Addiction stats disturbing: report

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Wednesday June 1, 2011

By Chris Traber

York Region Media Group

A York Region high school student, the product of a split and dysfunctional family, suffering from depression and self mutilation, had to wait months to see a psychiatrist. Only when the teen attempted suicide was hospital-based care offered.

A teenaged newcomer, trying to appease parents who didn’t understand the nuances of youth culture, grew increasingly despondent, frozen by the stigma of depression and lack of help. 

A pair of teenagers and an adult in their early 20s are found dead by their own hand after being released from a York Region hospital psychiatric ward.
The stories relating to the pain and suffering of mental health and addiction challenges play out in real life daily through our communities, health and social service professionals and anti-poverty advocates attest. 

There’s a growing substance abuse and addiction epidemic among youth from affluent York Region families. 

And the problems are growing, the newly formed Ontario Mental Health & Addictions Alliance said in a report released Tuesday. Timely and appropriate care for mental health or addiction problems depend largely on where you live, leaving tens of thousands of Ontarians struggling to get the care they deserve, the survey stated. 
The facts, statistics and outcomes are numerous and disturbing. 

The alliance, an amalgam of 10 provincial organizations, including regional representation through the York Region branch of the Canadian Mental Health Association, said unequal access to mental health and addiction services threatens Ontarians. As such, by joining forces, the consortium wants to mobilize an awareness initiative and, at the same time, ask provincial political parties to act toward solving the most pressing challenges of mental illness and addiction.

“I have to say this is great,” association regional branch chief executive officer Colleen Zakoor said of the alliance. “Never before have so many significant players been pulled together.”

Funding and service inequities across the province affect Ontarians from all walks of life, the report stated. The wait for supportive housing in one jurisdiction is 1,097 days, nearly four times higher than the provincial average of 290 days.  

For residential addiction treatment, the average wait is 41 days, but is five times higher in the Central East Local Health Integration Network region.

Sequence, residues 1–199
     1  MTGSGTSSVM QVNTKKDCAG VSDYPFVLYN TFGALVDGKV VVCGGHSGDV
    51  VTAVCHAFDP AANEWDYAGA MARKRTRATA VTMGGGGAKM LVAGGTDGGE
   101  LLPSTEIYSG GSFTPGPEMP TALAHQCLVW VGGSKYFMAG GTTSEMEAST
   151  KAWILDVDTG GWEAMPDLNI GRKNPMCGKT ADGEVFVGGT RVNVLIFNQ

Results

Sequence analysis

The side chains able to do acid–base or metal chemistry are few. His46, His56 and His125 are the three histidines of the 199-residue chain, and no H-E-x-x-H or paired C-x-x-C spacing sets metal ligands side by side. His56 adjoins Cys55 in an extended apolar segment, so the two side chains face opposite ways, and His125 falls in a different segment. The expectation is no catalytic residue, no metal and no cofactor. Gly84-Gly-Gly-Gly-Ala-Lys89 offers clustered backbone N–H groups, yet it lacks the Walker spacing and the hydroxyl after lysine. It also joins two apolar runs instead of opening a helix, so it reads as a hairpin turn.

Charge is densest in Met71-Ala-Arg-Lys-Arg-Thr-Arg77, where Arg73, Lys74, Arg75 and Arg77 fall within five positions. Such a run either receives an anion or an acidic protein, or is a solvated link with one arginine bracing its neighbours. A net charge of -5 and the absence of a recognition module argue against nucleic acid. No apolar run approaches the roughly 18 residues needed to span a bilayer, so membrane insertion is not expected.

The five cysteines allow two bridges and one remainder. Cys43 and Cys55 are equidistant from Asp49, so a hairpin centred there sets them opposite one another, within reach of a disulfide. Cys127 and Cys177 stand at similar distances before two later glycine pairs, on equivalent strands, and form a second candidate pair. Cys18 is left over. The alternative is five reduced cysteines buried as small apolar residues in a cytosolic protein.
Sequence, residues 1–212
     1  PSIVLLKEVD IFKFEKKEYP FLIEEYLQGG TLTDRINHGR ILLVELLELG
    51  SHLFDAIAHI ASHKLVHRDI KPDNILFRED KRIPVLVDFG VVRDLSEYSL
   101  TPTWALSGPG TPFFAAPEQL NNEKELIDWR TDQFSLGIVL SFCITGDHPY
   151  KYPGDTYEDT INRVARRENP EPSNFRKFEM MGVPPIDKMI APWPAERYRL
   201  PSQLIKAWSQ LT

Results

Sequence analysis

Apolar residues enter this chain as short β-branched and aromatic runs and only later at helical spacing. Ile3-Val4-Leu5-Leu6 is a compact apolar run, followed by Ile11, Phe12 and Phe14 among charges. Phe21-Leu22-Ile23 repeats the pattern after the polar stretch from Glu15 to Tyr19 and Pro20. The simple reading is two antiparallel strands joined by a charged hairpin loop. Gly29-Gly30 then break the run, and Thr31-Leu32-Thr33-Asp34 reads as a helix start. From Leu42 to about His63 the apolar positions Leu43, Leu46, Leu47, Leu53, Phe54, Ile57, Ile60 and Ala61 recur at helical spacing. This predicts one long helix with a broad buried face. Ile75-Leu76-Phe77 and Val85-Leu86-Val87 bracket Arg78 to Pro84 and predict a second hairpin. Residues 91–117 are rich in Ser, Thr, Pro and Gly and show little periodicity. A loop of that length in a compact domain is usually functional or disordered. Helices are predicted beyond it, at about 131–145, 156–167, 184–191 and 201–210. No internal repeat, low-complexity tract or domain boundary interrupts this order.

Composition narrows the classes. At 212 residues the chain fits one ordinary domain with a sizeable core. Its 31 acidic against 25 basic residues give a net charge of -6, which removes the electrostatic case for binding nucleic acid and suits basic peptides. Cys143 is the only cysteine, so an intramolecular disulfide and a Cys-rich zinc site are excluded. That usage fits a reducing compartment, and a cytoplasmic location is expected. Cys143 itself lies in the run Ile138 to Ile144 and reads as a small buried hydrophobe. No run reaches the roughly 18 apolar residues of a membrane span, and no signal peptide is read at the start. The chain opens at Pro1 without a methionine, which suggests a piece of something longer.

Children and youth also face unequal access to mental health care. Per capita funding for community mental health ranges from $18.54 in one region to $124.78 in another, creating wildly uneven access to services across the province.

York Region is not exempt, Ms Zakoor said, noting we lack a residential detox facility and there’s only one early psychosis centre staffed by 10 people. Poverty compounds mental health and addiction challenges. Wait lists for subsidized and supportive housing are years long and growing. The association treats 1,500 clients annually. Ms Zakoor estimates, conservatively, more than 10,000 residents would benefit from care if funding was available.

“It’s about equity of services,” she said. “Millions are provided to hospitals for bricks and mortar, but there’s never enough for mental health and addiction services. It’s not congruent with the LHIN plan. From a helicopter view, things look good. But if you walk with us on the ground, it’s different and frustrating.”

The independent movement to stir political will in York Region is growing and necessary, Concord New Hope United Church Rev. Jim Keenan said. 
With a mandate to research, educate and advocate on behalf of youth with mental health issues, he serves as co-chairperson of the newly established Vaughan Social Action Council. The service gaps and challenges are huge, he said. 

Vaughan mental health services receive only one third of the provincial funding average. Citing anecdotal case histories and municipal statistics, Rev. Keenan said 10 per cent of students suffer from depression and anxiety, 33 per cent from psychological distress and only 7 per cent get treatment.
“Funding should be distributed on the basis of population and growth,” he said. 

The government needs to develop policies in addition to funding formulas, he added. His council and the alliance is a step in the right direction.

“Getting service providers to share and not duplicate ideas is very good,” he said. “A collaborative table is invaluable. There’s still a lot of waste in social services funding. The key is to have two-way communications with policy makers and have organizations nimble enough to change.” 

Through the Ontario legislature’s select committee on mental health and addictions, all three political parties have agreed the province needs a comprehensive mental health and addictions plan.

“Treatment for mental health and addiction issues right now is determined by your postal code,” Schizophrenia Society of Ontario president Mary Alberti said. “Ontarians have a right to timely and effective care, no matter where they live.”

Early intervention is crucial when treating mental illness and addictions and supportive housing is vital for recovery and rehabilitation,” Centre for Addiction and Mental Health president Dr. Catherine Zahn said. 

“Investing in mental health and addiction services is not only the right thing to do, it also makes economic sense,” she said.

Solutions exist, at least in the short term, Ms Zakoor said. She recommends a focus on expanding on existing services and facilities. The early psychosis centre treats up to 90 youth per year. For an extra $800,000, the centre could double services.

• For alliance information, visit 
• For details on the Vaughan Social Action Council, visit